TRUMP PRESIDENCY PORTENDS MAJOR TAX CHANGES

By Steven Eliach  |  November 16, 2016

Election outcome likely to result in major tax law changes

The unexpected election of Donald Trump as President of the United States, along with Republicans retaining control of both chambers of Congress, will likely result in some changes to the U.S. tax code.

Based on Trump’s tax reform plan released earlier this year, tax law changes may include a reduction in tax rates for some individual taxpayers and corporations, the elimination of several tax breaks, a restructuring of U.S. taxes on income from abroad, the elimination of the estate tax, and a partial or full repeal of the Affordable Care Act.

Proposed tax changes for individuals and businesses

President-elect Trump’s tax reform plan includes the following changes that would affect individuals:

  • Reducing the number of income tax brackets from seven to three, with rates on ordinary income of 12%, 25% and 33%, and adapting the current rates on long-term capital gains and qualified dividends for the new brackets;
  • Eliminating the head of household filing status;
  • Abolishing the net investment income tax;
  • Eliminating the personal exemption (though expanding child-related breaks);
  • More than doubling the standard deduction, to $15,000 for singles and $30,000 for married couples filing jointly;
  • Capping itemized deductions at $100,000 for single filers and $200,000 for joint filers;
  • Abolishing the alternative minimum tax; and
  • Abolishing the federal gift and estate tax, but disallowing the step-up in basis for estates worth more than $10 million.

Proposed changes that would affect businesses include:

  • Reducing the top corporate income tax rate from 35% to 15%;
  • Abolishing the corporate alternative minimum tax;
  • Allowing owners of flow-through entities to pay tax on business income at the proposed 15% corporate rate rather than their own individual income tax rate, although there seems to be ambiguity on the specifics of how this provision would work;
  • Eliminating the Section 199 deduction, also commonly referred to as the manufacturers’ deduction or the domestic production activities deduction, as well as most other business breaks — but, notably, not the research credit;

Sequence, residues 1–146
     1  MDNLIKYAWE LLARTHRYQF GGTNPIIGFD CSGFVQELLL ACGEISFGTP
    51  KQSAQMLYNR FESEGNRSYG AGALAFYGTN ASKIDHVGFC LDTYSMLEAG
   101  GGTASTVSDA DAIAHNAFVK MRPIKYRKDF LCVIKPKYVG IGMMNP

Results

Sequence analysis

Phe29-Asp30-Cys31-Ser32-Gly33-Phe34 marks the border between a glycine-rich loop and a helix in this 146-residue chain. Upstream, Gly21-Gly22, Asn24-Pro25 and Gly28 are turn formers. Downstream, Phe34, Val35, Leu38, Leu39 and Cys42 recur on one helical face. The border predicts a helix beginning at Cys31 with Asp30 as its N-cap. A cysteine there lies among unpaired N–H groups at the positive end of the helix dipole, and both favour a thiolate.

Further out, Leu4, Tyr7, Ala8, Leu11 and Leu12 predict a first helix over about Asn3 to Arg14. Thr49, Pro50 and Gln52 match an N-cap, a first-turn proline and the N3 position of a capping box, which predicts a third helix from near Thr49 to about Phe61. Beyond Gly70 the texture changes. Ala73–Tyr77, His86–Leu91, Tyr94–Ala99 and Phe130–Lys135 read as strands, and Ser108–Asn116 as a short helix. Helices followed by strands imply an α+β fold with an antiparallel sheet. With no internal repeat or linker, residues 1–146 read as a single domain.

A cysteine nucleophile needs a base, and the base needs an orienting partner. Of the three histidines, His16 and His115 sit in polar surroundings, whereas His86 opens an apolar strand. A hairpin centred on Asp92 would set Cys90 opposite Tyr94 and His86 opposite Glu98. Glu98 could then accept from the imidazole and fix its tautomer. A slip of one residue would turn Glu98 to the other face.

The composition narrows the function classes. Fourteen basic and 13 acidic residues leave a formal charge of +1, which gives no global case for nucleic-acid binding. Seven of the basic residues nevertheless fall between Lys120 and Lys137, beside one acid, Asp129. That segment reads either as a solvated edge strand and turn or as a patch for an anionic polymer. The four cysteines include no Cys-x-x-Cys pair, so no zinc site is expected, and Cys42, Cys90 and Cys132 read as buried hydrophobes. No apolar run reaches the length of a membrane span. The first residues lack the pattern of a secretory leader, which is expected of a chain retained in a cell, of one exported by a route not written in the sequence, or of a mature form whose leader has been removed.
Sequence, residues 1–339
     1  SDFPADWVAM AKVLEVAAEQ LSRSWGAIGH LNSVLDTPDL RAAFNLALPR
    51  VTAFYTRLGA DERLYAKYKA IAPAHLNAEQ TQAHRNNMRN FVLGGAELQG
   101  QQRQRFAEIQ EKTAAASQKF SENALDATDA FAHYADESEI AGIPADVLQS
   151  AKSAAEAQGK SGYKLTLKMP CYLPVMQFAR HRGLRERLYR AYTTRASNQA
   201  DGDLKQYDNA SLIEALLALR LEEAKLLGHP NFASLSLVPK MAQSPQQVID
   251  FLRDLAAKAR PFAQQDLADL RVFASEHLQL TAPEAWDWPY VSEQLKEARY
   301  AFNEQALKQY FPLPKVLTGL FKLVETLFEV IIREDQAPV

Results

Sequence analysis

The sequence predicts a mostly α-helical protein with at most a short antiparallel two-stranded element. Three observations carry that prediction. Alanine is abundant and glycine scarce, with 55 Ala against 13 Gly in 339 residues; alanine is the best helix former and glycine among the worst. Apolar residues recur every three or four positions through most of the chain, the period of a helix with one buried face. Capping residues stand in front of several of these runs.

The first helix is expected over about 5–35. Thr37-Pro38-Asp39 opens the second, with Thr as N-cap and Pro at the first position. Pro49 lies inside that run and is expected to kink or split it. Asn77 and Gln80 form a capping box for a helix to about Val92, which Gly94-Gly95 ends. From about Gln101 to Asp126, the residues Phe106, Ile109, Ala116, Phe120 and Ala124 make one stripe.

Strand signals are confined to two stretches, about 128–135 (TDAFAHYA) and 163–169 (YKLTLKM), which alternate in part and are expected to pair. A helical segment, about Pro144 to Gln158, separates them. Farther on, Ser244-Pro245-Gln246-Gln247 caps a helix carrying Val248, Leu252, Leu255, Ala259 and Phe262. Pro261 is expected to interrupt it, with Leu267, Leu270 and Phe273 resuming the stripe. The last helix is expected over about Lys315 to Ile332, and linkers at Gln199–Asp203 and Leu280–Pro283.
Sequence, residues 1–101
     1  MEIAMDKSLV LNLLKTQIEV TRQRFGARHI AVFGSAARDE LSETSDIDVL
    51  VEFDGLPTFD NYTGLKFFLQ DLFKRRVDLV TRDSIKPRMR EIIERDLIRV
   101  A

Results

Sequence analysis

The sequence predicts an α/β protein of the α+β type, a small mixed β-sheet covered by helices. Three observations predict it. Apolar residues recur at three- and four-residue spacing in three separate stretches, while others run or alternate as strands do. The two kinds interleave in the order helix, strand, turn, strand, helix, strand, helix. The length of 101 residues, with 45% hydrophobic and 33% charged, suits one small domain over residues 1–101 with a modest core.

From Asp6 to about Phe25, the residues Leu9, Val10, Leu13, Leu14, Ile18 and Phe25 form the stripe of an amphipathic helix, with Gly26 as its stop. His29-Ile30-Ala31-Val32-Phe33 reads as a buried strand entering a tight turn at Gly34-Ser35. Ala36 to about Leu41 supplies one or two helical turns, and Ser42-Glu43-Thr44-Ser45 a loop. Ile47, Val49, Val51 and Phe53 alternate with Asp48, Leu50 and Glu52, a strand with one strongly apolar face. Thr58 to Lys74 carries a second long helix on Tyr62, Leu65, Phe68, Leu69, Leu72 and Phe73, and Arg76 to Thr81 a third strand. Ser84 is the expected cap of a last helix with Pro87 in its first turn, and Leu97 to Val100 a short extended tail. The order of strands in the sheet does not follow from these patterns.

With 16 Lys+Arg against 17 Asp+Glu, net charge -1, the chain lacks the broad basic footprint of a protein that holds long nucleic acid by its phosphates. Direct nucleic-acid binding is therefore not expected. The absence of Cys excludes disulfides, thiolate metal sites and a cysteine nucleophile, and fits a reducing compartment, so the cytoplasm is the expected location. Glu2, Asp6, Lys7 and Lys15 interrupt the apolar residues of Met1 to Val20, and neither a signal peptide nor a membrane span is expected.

• Allowing U.S. companies engaged in manufacturing to choose the full expensing of capital investment or the deductibility of interest paid;
  • Enacting a deemed repatriation of currently deferred foreign profits at a 10% tax rate; and
  • Bear in mind that there is a considerable degree of uncertainty about the actual details of President-elect Trump’s tax reform plan. However, during the course of the campaign, some of its provisions have aligned with the House Republicans’ tax plan.

Planning uncertainties

With President-elect Trump soon to be in the White House and continued Republican control of the Senate and the House, major tax law changes likely are on the horizon. However, at this time it’s difficult to determine which provisions of the ambitious tax reform plan will be signed into law. This uncertainty makes tax planning difficult. We can help develop a plan that can take into account all of the variables.


About Steven Eliach

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Steven Eliach, JD, LL.M., is the Principal-in-Charge of Tax Services at Marks Paneth LLP.  He specializes in taxation for the real estate industry, estate planning and income taxation of closely held companies including start-up technology companies. In addition to his client service responsibilities, as Principal-in-Charge of Tax Services, Mr. Eliach is responsible for overseeing the firm’s tax engagements, which include international tax, individual tax, trust and estates, corporate and partnership tax and state and local... READ MORE +


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